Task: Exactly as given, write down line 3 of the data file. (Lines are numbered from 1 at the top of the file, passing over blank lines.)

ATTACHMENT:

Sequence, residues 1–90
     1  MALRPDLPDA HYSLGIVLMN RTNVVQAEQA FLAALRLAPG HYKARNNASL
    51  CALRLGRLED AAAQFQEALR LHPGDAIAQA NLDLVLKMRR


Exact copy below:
    51  CALRLGRLED AAAQFQEALR LHPGDAIAQA NLDLVLKMRR